On the occasion of the V&A Museum’s unprecedented exhibition of opus anglicanum, this one-day interdisciplinary conference brings together leading and emerging scholars working on questions of meaning and materiality in medieval textiles, both real and imaginary.

The conference is organised by Birkbeck Medieval Seminar and the History of Art Department with support of the Murray Bequest.

The programme, and details of how to book can be found at: https://medtex.eventbrite.co.uk

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Gender and Medieval Studies Student Essay Prize 2016: deadline 21 November 2016

Gender and Medieval Studies Student Essay Prize 2016

The Gender and Medieval Studies Group offers a postgraduate student essay prize, which is awarded at the GMS conference in January each year. The competition is open to students at all levels including those who will be completing their degree in the coming year.

Essays should be between 4,000 and 6,000 words in length (including notes) and should engage with questions of gender and/or sexuality in the Middle Ages. Essays should follow a recognised academic referencing system (such as MHRA), should include a bibliography and all images should be captioned.

Submissions from postgraduates working within any discipline in the field are encouraged.

The prize gives free registration to the GMS conference (held every January at a different UK institution) for two years (2017 and 2018) and a contribution towards UK travel costs to the conference. In 2017 the conference will be on Gender, Places, Spaces, Thresholds and will be held at Canterbury, Christchurch University (12th-15th January).

The winning essay will also be considered for publication in the academic journal Medieval Feminist Forum, run by the Society for Medieval Feminist Scholarship (SMFS).

There may be years when no prize is awarded, depending upon submissions in any given year.

Electronic submissions should be submitted to Isabel Davis (i.davis@bbk.ac.uk) by November 21st 2016.

To keep up-to-date on the GMS conference series, please subscribe to the listserv address:  GMS-LIST@jiscmail.ac.uk or follow the link on the GMS homepage.

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Call for Papers: Othello’s Island 2017, deadline 1 January 2017

Othello’s Island 2017

The 5th annual multidisciplinary conference
on medieval and renaissance studies
and their later legacies

Venue: Centre for Visual Arts and Research (CVAR)
Nicosia, Cyprus, 6 to 8 April 2017
with optional historic-site visits on 9 April

Advance Notice CALL FOR PAPERS

a collaborative event organised by academics from
Sheffield Hallam University, SOAS University of London
University of Kent, University of Sheffield and the University of Leeds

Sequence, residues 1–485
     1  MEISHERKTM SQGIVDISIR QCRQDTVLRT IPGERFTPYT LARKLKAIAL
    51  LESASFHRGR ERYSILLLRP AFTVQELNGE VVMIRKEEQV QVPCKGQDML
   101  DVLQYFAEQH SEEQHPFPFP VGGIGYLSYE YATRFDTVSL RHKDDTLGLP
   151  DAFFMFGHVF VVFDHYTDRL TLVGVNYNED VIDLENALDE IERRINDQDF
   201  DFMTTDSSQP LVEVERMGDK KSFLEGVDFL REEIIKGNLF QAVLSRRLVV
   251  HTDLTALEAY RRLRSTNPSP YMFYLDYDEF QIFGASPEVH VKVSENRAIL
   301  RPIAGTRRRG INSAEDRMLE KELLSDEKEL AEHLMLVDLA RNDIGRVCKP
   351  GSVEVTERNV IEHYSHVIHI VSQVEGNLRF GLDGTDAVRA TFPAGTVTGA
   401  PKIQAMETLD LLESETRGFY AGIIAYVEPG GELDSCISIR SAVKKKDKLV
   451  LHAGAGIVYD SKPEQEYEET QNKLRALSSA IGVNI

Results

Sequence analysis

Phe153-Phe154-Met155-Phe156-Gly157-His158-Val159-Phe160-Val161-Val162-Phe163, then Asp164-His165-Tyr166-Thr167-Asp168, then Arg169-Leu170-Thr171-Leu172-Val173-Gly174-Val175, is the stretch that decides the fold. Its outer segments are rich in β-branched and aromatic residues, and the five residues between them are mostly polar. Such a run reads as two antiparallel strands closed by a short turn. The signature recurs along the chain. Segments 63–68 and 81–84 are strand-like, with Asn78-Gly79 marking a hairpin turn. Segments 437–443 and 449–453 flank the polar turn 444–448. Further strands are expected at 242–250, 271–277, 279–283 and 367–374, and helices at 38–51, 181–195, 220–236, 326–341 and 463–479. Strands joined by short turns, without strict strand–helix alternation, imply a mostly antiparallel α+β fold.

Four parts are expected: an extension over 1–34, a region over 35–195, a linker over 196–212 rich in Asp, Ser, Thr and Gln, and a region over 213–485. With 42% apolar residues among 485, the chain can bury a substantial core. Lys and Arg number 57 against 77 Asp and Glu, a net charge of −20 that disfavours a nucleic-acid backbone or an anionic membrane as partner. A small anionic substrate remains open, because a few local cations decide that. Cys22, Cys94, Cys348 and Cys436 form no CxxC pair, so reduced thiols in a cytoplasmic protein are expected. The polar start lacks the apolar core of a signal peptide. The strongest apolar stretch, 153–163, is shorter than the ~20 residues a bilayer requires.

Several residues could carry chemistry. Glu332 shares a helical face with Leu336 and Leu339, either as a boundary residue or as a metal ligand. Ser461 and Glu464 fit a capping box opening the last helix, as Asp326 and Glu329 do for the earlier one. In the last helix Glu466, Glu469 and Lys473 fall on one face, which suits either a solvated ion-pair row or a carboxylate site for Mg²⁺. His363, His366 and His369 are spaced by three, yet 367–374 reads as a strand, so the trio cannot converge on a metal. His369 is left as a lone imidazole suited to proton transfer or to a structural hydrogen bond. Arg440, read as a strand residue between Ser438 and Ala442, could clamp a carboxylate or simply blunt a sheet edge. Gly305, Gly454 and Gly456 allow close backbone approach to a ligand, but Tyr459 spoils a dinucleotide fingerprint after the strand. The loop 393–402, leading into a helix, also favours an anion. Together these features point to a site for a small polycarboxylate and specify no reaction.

www.tiny.cc/othello2017

Convenors

  • Emeritus Professor James Fitzmaurice, Northern Arizona University (USA)
  • Professor Lisa Hopkins, Sheffield Hallam University (UK)
  • Dr Sarah James, University of Kent at Canterbury (UK)
  • Dr Michael Paraskos, SOAS University of London (UK)
  • Benedict Read FSA, University of Leeds (UK)
  • Dr Rita Severis, CVAR (Cyprus)

We welcome applications from researchers to present papers at the 2017 edition of Othello’s Island.

First held in 2013, Othello’s Island now a well established annual meeting of academics, students and members of the public interested in medieval and renaissance art, literature, history and culture.

Othello’s Island is growing in size and stature every year. In 2016 over seventy academics from across the world presented papers at the conference, whilst also experiencing the medieval and renaissance art, architecture and historical sites of Cyprus.

This experience ranged from the island’s material culture, such as the French gothic cathedral of Nicosia, through to the remarkable living culture of the island that is still deeply affected by its medieval and renaissance past.

In 2017 we are interested in hearing papers on diverse aspects of medieval and renaissance literature, art, history, society and other culture.

Papers do not have to be specifically related to Cyprus or the Mediterranean region and do not have to be connected to Shakespeare.

It is worth looking at the range of papers from past conferences to see that previous speakers have covered topics ranging from slavery in medieval Cyprus and Malta, to the impact of Italian Renaissance art on Cypriot Byzantine painting, to the Anglo-Saxon epic Beowulf and Margaret Cavendish.

That said, given our location, Cyprus, the Levant and the Mediterranean do impact on the conference, not least because for anyone interested in medieval and renaissance history Cyprus is real gem, full of architectural and other material culture relating to the period. This includes museums filled with historic artefacts, gothic and Byzantine cathedrals and churches and a living culture that has direct links to this period.

Othello’s Island has developed a reputation as one of the friendliest medieval and renaissance studies conferences in the world today, and it is also genuinely interdisciplinary. In part this is due to the relatively small size of the event, which generates a true sense of community during the conference.

For more informaton and submission deadlines please visit

www.tiny.cc/othello2017

All information here is subject to confirmation and possible modification